I don’t know much about Fox Lake, Wisconsin. I’d never even heard of it before now.
I bet it’s nice.
Fox Lake, a town of about 1,500 that’s 70-odd miles northwest’ish of Milwaukee, does include an actual lake and Wisconsonites (Wisconsonians?) consider it one of the best in the state for fishing, especially if you like walleye, which is a decidedly Midwestern thing. The lake is also amply populated by northern pike and crappie, along with muskie, bluegill, and bass, but really it’s the walleye that brings the fishermen back to Fox Lake.
I was delighted to discover that Fox Lake is the hometown of Bunny Berigan, the great jazz trumpeter. I had a friend who was head-over-heels for Bunny Berigan and how she picked him out of all the jazz trumpeters in the world escapes me. What, Miles Davis wasn’t good enough?
Maybe it was because of Berigan’s 1935 hit “Chicken and Waffles” …
Or maybe she was just soft on Wisconsonites (Wisconsonians?).
(Bunny, whose real first name was Roland, died in 1942 of cirrhosis. He was 33. Fox Lake’s long-running annual Bunny Berigan festival ended, sadly, in 2018.)
If you are now thinking there ain’t no way, no how this story is going to come around to baseball, then clearly you don’t know me well.
Moose Baxter – born in Chippewa Falls in 1876 – played just six games for the St. Louis Cardinals in 1907 …
… and became an early proponent of indoor baseball, pre-dating the Houston Astrodome by 58 years.
And, surely, you history buffs know Happy Felsch …
… one of the infamous 1919 Black Sox. He was born in Milwaukee in 1891.
Or, how about Burleigh Grimes, the last major leaguer to legally throw a spitball? …
… He won 270 games with that slobbery pitch and got himself a spot in the Baseball Hall of Fame. He was born in Emerald, Wisconsin in 1893.
Today, there’s Jordan Zimmerman, born in Auburndale in 1986, and now pitching for the Tigers. (Well, he would be pitching, if there were baseball. Which there is not.)
But, he was pitching here …
Orioles win, 11-3. Good times.
What does all this have to do with Fox Lake, Wisconsin?
This: There are no major league baseball players from Fox Lake, Wisconsin.
With scads of ballplayers filling up baseball rosters for more than 150 years now, every town should have at least one, don’t you think?
And, it’s a shame really because Fox Lake was a baseball mad town. Well, they were in 1868, anyway.
“Equal Rights For All Men And Women — White Or Black.”
It’s on May 29, 1868 in their little four-page weekly Fox Lake Representative that I found this notice for a game to be played between the Fox Lake team and the team from neighboring Westford that afternoon.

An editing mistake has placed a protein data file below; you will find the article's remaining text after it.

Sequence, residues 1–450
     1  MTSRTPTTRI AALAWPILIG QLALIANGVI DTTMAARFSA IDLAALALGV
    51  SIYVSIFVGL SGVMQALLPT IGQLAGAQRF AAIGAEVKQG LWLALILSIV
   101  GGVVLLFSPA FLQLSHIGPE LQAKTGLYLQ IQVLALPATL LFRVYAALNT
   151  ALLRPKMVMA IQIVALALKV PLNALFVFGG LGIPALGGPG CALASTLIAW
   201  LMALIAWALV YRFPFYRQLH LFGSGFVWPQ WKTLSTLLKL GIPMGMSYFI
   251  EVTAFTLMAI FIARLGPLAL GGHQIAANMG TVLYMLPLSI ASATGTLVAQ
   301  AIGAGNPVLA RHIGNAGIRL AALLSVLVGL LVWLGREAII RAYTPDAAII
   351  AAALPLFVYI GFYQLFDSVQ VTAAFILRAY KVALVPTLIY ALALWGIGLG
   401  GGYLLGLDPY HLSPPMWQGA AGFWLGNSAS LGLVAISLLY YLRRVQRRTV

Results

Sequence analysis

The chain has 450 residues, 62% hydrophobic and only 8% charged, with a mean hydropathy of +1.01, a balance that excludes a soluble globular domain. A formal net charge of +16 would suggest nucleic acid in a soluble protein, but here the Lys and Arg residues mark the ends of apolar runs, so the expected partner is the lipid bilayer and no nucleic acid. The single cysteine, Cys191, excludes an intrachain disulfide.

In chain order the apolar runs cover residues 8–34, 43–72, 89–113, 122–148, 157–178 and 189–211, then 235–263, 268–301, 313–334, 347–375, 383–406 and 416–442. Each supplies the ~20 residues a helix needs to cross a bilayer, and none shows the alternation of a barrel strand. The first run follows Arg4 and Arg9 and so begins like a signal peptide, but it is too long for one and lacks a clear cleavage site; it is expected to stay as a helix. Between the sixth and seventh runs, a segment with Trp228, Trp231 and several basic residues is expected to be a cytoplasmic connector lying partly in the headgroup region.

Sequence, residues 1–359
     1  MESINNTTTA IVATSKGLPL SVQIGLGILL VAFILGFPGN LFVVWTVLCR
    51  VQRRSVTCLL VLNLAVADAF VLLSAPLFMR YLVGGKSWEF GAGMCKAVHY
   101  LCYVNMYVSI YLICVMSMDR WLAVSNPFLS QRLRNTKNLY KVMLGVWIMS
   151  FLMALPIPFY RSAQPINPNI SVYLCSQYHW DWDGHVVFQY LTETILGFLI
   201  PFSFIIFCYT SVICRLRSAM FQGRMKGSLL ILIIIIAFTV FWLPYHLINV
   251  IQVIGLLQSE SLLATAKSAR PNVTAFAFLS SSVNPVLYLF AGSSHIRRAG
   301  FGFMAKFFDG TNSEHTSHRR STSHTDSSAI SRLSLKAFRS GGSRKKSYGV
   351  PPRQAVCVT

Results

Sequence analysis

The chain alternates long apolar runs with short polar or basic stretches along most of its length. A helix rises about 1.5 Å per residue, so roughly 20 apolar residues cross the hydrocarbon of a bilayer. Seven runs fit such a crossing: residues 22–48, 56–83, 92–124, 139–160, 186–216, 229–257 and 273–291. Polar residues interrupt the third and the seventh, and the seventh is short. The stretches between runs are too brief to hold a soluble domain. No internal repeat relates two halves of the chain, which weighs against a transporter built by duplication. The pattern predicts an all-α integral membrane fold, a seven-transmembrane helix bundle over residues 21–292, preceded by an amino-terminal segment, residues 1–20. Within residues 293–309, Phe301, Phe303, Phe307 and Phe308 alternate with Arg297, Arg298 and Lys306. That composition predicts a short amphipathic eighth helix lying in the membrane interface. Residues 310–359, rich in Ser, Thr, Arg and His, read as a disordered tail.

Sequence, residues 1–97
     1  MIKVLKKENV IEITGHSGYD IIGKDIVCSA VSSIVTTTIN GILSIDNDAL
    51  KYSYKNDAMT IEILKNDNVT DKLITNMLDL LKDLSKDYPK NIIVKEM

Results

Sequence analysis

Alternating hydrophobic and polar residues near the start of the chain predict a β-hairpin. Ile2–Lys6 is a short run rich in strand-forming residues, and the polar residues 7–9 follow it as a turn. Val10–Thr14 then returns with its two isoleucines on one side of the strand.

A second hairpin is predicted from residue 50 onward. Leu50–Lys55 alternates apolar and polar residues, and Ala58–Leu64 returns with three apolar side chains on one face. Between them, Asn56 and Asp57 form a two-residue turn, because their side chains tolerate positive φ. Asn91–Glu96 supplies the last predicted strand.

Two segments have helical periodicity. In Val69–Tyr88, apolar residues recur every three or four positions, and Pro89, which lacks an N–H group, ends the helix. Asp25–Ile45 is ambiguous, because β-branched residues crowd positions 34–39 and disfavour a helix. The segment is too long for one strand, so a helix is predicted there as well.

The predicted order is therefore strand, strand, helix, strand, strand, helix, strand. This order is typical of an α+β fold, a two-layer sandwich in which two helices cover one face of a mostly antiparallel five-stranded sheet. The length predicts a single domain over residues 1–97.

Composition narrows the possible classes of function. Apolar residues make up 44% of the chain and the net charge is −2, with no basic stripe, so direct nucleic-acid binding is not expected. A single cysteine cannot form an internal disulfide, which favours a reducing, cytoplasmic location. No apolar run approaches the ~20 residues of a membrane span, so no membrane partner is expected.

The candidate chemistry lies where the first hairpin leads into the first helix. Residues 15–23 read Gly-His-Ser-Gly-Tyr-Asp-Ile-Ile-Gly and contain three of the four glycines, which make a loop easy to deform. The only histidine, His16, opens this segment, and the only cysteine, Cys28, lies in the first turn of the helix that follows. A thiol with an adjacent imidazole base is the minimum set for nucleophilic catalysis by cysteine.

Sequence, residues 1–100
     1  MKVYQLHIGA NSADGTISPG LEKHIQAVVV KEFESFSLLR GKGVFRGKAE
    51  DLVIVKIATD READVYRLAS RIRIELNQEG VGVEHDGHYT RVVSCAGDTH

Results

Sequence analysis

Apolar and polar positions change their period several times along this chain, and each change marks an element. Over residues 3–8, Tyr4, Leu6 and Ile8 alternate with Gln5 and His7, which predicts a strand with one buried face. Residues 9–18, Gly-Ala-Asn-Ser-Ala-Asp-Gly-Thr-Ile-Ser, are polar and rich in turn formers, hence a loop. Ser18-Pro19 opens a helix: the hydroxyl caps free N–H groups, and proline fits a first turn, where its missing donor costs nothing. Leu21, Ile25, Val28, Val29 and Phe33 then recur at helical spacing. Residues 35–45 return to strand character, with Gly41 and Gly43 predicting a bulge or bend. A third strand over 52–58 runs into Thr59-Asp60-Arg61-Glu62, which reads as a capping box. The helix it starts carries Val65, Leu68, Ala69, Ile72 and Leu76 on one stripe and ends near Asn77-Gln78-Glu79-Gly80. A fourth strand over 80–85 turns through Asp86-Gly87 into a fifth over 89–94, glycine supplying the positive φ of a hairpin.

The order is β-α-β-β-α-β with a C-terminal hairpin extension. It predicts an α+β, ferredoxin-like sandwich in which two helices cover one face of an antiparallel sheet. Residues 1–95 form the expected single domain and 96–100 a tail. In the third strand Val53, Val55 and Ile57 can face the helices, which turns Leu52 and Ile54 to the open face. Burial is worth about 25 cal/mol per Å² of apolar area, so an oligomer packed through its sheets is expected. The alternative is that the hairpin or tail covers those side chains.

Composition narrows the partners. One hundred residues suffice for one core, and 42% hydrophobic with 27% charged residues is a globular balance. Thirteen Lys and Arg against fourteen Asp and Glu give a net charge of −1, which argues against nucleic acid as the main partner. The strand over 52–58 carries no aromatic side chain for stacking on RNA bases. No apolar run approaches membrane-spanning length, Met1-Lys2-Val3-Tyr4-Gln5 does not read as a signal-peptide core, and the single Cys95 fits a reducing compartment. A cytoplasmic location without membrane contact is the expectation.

The Representative was clearly unimpressed. “[T]he club of this village,” they wrote, “has had so little practice that any very scientific playing is not anticipated.”
This is 1868-speak for, “Our team stinks.”
Despite the stinkiness of the team, the game would still, the newspaper insisted, be of “interest to the spectators.”
Which is 1868-speak for, “Hey, come watch them stink.”
The game was played on Baptist Hill. Perhaps it’s just me, but playing baseball on a hill is a little concerning and could explain why the team wasn’t any good.
But, that’s not why we’re here. It’s because of this … in that same day’s paper I found this:
Toot-Toot. The horn used to arouse the members of the base-ball club at 4 o’clock A.M., is undoubtedly a very fine thing for the club, but it is a decided nuisance to those who are not members of the club, and who are not “early risers.”
I love everything about this complaint because just one column over the paper is mocking the team for not practicing enough.
I know some of you are shuddering … because something annoying wakes you up at 4 a.m., too. Maybe it’s the infernal all-night barking of the scrum of hound dogs down in the neighbor’s holler, barking that seems to get even louder and more urgent around 4 a.m. You, too?
But, hey, give the Fox Lake team a break. Alarm clocks wouldn’t become affordable or widely used for another decade. These boys can’t wait.
Rise and Shine!
So, how did the Fox Lake team do on May 29, 1868?
They lost 56-55 to the equally inept Westford “Muscles,” the Representative reported.
I guess in baseball’s early days you would call that a one-run squeaker.
The Representative suggests that perhaps Fox Lake allowed the Muscles to win. After all, Westford was the guest that day. Fox Lake wasn’t very good, but at least they were polite?
The Representative continued:
“In the evening the players partook of a supper together at the American, which, according to the verdict of the Umpire, Scorers, and all, was satisfactory to the clubs.”
I appreciate that the paper chooses to allow the umpires and the game’s scorers to also be the final arbiters of the evening meal.
And, the Representative, god bless ‘em, posted a box score:
The game, which included 111 runs, clocked in at a brisk two hours and 30 minutes.
Maybe that Fox Lake team, despite the 4 a.m. practices, wasn’t very good. But, baseball took off in Fox Lake. By July, Fox Lake had four teams and the team that played that game in May finally got a name – they became the Unions. By September, the tiny newspaper was excited to report of a movement out in Brooklyn, New York to create a “female base-ball club.” It’s unclear if one ever formed in Fox Lake.
Maybe Fox Lake never “grew” a major league player, but they had baseball.
Oh, to be sitting on Baptist Hill watching a not-very-good Fox Lake team play on a May afternoon in 1868. Sounds like heaven to me.
OK, Bunny, play us out …